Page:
At minimum, we would need Moon bases, lunar mining infrastructure, large-scale storage, and a way to launch the dust into space.
No human has even set foot on the Moon in more than 50 years. While China is looking to establish a Moon base by 2028, followed by the US in 2034, a well-functioning mining and dust launching system is likely many decades away.
Another advantage of solar geoengineering is meant to be fine tuning.
Injecting aerosols into the atmosphere can in theory be fine-tuned to reduce negative side effects. Changing where aerosol injections take place, for instance, can drastically change potential side effects and its risk profile.
A giant space cloud offers no such precision.
A policy vacuum
To make matters worse, the world currently has little in the way of coherent policy or governance for space and the Moon. Many fundamental questions about human activity in space, such as how to manage the growing layer of bullet-speed space junk orbiting the Earth, are unanswered.
Also unanswered is another fundamental question: is Moon mining even legal? Who “owns” space, and the resources in it?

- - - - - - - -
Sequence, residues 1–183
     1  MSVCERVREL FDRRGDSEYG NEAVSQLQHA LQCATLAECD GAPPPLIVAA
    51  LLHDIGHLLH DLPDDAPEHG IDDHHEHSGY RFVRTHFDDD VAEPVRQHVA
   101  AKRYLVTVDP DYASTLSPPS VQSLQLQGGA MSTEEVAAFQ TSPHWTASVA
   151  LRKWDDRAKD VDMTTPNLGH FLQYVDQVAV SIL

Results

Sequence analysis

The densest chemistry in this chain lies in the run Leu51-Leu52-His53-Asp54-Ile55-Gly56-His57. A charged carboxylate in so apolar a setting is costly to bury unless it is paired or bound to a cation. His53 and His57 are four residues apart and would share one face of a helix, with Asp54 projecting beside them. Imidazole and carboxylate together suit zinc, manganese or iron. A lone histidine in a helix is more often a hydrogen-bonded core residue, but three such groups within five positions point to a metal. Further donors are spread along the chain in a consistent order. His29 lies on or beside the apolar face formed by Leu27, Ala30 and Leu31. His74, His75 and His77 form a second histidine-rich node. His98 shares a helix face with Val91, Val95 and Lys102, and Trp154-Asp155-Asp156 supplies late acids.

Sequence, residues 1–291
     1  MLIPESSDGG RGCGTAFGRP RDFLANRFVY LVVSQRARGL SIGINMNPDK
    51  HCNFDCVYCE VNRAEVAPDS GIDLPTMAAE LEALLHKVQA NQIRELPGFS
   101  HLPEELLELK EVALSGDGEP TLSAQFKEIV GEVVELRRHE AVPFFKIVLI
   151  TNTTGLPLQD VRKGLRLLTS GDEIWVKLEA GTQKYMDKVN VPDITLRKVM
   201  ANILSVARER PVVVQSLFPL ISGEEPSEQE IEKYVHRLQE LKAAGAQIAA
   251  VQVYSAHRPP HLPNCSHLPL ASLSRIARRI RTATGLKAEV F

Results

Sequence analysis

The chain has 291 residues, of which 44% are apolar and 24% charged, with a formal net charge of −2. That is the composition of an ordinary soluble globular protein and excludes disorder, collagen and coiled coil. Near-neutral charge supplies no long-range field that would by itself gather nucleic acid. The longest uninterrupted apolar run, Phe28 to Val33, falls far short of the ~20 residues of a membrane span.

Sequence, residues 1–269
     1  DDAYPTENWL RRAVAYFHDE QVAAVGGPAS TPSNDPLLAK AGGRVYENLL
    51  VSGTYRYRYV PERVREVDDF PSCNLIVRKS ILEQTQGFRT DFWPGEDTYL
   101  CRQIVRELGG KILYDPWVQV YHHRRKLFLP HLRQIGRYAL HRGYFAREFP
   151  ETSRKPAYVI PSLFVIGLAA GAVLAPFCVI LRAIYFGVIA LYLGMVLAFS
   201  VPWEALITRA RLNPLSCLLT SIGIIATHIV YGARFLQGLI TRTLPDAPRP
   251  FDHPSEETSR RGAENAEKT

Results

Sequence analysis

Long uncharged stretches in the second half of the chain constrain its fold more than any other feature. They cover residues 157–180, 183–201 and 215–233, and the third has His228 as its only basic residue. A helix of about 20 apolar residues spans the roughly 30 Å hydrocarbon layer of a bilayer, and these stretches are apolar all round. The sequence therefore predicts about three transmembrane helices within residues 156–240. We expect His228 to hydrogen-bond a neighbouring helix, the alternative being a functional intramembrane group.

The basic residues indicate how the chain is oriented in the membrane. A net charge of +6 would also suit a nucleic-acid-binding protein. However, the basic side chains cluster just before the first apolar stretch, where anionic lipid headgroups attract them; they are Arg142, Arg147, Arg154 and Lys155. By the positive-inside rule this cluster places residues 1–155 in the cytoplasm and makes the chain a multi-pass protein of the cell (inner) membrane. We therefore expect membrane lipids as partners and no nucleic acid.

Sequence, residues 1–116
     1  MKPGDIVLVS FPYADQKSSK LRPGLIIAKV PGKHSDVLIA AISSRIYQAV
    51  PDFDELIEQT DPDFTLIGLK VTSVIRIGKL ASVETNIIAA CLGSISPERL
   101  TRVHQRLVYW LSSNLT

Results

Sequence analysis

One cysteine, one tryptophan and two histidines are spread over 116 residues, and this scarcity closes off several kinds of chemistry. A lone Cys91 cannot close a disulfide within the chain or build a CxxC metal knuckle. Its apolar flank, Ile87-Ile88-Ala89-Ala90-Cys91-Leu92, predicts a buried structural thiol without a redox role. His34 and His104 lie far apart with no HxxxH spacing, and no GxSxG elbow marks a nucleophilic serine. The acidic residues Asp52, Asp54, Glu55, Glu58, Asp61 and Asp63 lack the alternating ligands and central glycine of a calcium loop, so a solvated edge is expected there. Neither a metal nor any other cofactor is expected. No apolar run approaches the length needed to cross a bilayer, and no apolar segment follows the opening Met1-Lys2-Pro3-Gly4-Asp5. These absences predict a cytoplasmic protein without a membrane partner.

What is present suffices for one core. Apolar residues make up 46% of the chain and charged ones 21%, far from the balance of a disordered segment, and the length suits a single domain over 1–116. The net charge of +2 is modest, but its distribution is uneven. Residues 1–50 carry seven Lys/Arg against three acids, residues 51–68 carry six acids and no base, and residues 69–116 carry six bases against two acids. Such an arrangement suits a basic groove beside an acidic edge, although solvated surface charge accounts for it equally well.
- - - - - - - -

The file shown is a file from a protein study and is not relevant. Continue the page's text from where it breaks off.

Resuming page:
At present, we have a patchwork of contradictory policies.
The 1967 Outer Space Treaty prohibits “appropriation” of space resources (implying a ban on mining), and Article 11.3 of the 1979 Moon Treaty states that the Moon’s resources cannot become property of a country, group or person.
However, the US, Russia and China have not signed the Moon Treaty. In fact, the US has Obama-era legislation, a Trump-era executive order, and a non-binding international agreement – the Artemis Accords – that all emphasise commercial resource extraction.
With such contradictory policy in place, lunar mining is a fundamental legal grey area. Shooting Moon dust off into space is another legal dilemma several steps down the line.
Such a legal patchwork exists because of broader political firewalls.
Similarly to how the 20th-century space race reflected Cold War geopolitics, contemporary space governance is shaped by today’s political rifts. Russia and China have not joined the Artemis Accords, deciding (ironically together) to go it alone. But disagreements over a non-binding agreement are just the tip of the iceberg.